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> As a participant in the 80s in this “dark and painful chapter” by flying to Inuvik and visiting remote settlements like Tuktoyaktuk and Aklavik in the Visiting Consultant Programme, I can say it was dark during the January visits. But “painful?” No. I do recall arranging for an Inuit with a lung mass to come to Edmonton for investigation and radiotherapy. I did think it odd at the time that we couldn’t admit him directly to the Cross Cancer Institute, but had to bring him to the Camsell and from there arrange daily trips for treatment. I was told this was a federal government contracted arrangement and could not be transgressed, and anyway, the patient would prefer to stay with his “folk.”

HELPING YOU CREATE WEALTH IN REAL ESTATE Buying or Selling?

It all started in an altruistic attempt to diagnose and treat tuberculosis, common in the Northwest Territories’ remote communities in the post-war period. But no good deed goes unpunished. The program failed to evolve with the times. This failure is the full responsibility of the Ottawa bureaucracy in what was the “Department of Indian Affairs” and it is galling that attending physicians doing their best at the Camsell are now tainted because of this out-of-date arrangement – so called “racism” – when blame should be squarely dumped on the lethargic, patronizing bureaucrats in Ottawa. If there are any compensation demands, I’ll be in the line-up as well for reputation damage.

We should take First Nations health care and the $2.6 billion budget out of the sleepy, amateurish arms of Health Canada’s bureaucratic “First Nations and Inuit Health Branch” and create an arm’s length KaiserPermanente style agency run by native and non-native professionals with incentives for innovations along the lines of the cancer programs. Is there anybody listening? Of course not. Plus ca change …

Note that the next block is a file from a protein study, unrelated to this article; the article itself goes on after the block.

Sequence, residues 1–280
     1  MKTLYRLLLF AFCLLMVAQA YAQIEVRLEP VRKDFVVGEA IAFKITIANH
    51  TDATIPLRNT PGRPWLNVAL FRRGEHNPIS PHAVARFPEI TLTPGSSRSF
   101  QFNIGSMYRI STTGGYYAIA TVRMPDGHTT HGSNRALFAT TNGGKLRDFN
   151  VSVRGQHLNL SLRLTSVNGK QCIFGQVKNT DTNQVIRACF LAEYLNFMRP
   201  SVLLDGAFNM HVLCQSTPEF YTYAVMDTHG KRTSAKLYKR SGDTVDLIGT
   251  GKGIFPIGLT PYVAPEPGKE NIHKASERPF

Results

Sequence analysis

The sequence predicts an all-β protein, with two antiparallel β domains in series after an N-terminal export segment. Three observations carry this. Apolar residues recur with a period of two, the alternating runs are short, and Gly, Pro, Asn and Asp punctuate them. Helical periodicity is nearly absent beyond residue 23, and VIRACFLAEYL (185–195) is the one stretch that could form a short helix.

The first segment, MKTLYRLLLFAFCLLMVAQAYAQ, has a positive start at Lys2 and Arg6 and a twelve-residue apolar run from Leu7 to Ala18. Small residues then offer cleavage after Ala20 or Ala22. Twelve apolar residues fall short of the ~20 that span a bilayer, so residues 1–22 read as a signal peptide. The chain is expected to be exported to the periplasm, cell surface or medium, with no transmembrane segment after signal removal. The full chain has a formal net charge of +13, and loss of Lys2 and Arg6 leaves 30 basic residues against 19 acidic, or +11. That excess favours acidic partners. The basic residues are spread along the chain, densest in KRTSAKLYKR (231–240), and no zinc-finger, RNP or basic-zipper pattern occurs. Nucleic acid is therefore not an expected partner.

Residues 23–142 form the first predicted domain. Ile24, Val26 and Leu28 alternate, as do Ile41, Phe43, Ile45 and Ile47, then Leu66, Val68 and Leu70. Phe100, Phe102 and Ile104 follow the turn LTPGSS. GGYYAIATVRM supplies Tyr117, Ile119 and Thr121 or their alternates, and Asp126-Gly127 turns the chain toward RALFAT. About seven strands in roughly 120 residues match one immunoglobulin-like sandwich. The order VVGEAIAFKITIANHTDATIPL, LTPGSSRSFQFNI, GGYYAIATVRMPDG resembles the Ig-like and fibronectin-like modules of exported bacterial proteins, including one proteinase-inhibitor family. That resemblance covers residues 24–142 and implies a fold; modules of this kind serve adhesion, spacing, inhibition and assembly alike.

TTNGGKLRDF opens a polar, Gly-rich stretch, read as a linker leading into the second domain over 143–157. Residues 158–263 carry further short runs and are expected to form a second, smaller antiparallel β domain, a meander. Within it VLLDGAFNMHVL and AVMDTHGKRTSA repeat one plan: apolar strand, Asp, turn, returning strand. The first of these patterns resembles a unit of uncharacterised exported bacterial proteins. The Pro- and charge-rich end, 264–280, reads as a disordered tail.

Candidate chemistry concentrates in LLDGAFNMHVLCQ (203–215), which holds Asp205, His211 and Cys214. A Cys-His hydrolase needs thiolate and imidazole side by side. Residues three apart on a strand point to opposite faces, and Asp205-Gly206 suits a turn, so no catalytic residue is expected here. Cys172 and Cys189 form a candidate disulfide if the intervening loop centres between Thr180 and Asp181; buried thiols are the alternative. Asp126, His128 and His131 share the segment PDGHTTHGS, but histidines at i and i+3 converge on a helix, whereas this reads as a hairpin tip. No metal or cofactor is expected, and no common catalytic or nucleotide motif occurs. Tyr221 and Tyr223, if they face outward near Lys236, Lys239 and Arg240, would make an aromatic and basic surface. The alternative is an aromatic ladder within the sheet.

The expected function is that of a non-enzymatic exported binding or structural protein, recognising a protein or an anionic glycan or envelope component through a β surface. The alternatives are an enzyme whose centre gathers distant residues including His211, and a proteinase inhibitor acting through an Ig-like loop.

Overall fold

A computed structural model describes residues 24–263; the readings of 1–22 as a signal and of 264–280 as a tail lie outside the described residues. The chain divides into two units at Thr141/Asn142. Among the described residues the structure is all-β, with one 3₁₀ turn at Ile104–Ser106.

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CLASSIFIED ADVERTISEMENTS

PHYSICIAN WANTED CALGARY AB Pain specialist Dr. Neville Reddy is looking to recruit physicians (general practitioners and specialists) to join his team of dedicated health care professionals. Innovations Health Clinic has two locations (southeast and southwest), favorable 30% expenses offered. Contact: Neville Reddy, MB ChB, FRCPC (Anesthesia) T 403.240.4259 C 403.689.4259 nreddy@innovationshealth.ca innovationshealth.ca CARSTAIRS AB Snowy Owl Medical Clinic invites family physicians and general practitioners to join a dynamic and exciting new rural clinic in the growing town of Carstairs. We are looking for fun and positive physicians ready to partner with us in creating a robust medical home for patients. Proactive patient encounters, same-day access, dedicated electronic medical record workflow and close integration with Highland Primary Care Network are all highly valued. Potential for hospital duties including emergency room shifts and inpatient visits are available at the Didsbury Hospital. Carstairs is a family friendly community of 5,000 people with easy access to Calgary. Contact: T 403.807.8864 www.snowyowlclinic.com CALGARY AND EDMONTON AB Retiring? Semi-retiring? Want someone to take over your panel? Imagine Health Centres (IHC) is growing and welcomes semi-retired and/or retired physicians who want to ensure continuity of care of their patients. Come work part-time, full-time and allow us to introduce ourselves to your